Cape Town – South African President Cyril Ramaphosa will seek to lift the mood of a country encumbered by energy shortages and a sickly economy when he delivers his state-of-the-nation address on Thursday.
The worst electricity crisis in decades will loom large over his speech, in which he will enumerate his government’s plans for the next 12 months.
South Africans are despondent at the state of a country battered by a stagnant economy, mounting crime, dizzying unemployment rates, worsening inflation and water and electricity shortages.
The list of grievances is topped by the electricity crisis, which has forced the country’s 60 million people to endure up outages of up to 12 hours a day.
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Scheduled blackouts, known here as loadshedding, have been imposed to help the country’s creaking coal-generated power system survive in the face of overwhelming demand.
The rationing is “the biggest problem in the country,” said Muhammad Awais, 40, sitting in the dark in the corner of his cellphone repair store in Cape Town.
“It’s affecting my business a lot,” he told AFP.
But analysts caution against prospects of a quick fix.
“It’s an entire energy system that is crashing and probably impossible to solve in the short term,” said Erwin Schwella, a public affairs expert.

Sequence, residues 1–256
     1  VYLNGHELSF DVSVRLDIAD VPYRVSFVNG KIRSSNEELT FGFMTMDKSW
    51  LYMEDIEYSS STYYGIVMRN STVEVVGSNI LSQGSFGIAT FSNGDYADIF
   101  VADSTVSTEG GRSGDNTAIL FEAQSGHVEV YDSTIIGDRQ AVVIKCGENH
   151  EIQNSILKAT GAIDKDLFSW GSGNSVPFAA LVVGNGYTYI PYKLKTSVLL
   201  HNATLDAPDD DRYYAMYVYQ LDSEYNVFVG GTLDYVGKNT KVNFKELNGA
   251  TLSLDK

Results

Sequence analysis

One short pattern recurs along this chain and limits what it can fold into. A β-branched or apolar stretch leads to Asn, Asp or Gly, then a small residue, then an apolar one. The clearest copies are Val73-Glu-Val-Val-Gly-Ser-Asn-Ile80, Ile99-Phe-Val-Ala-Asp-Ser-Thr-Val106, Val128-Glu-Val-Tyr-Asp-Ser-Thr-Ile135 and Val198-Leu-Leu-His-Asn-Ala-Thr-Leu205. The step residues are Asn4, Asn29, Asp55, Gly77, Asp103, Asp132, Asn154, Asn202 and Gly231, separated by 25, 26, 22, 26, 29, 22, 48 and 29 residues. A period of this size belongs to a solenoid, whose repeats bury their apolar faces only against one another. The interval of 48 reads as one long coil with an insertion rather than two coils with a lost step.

The president will deliver his annual speech from 7pm (1700 GMT) before legislators, judges and cabinet ministers.
The speech will take place in Cape Town city hall, as the parliament building — gutted during in an arson attack 13 months ago — is yet to be repaired.
Oppposition parties have vowed to disrupt its delivery, which is being broadcast live.
Hours before the speech, several hundred protesters from several organisations, including the ruling African National Congress (ANC)’s political allies, the South African Communist Party (SACP), picketed outside city hall in fierce heat.
Waving a South African multi-coloured flag, unemployed Noloyiso Mathupa, 39, who lives in a one-room shack with her six children, said she was fed up.
She said she had voted for the ANC all her life, “but I haven’t seen any change,” she told AFP. “I’m very disappointed.”
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Ramaphosa, 70, came into office five years ago as a reformer promising a “new dawn” after the graft- and scandal-stained tenure of former president Jacob Zuma.
But the record outages, wreaking havoc on the economy which is now expected to grow by a dismal 0.3 percent this year from 2.5 percent last year, have dented his reputation.
A government minister estimated earlier this week that the power cuts are costing the economy a billion rand ($57 million) a day.
The crisis is chipping away at Ramaphosa’s chances of securing a second term after next year’s elections.
Ann Bernstein of the Centre for Development and Enterprise, a South African think-tank’s said “sadly, the notion of the current president as a reformer is no longer credible, in fact it is a mirage.”
On a personal level, Ramaphosa also finds himself under investigation for allegedly concealing the theft of huge stashes of US banknotes at his upmarket farm.
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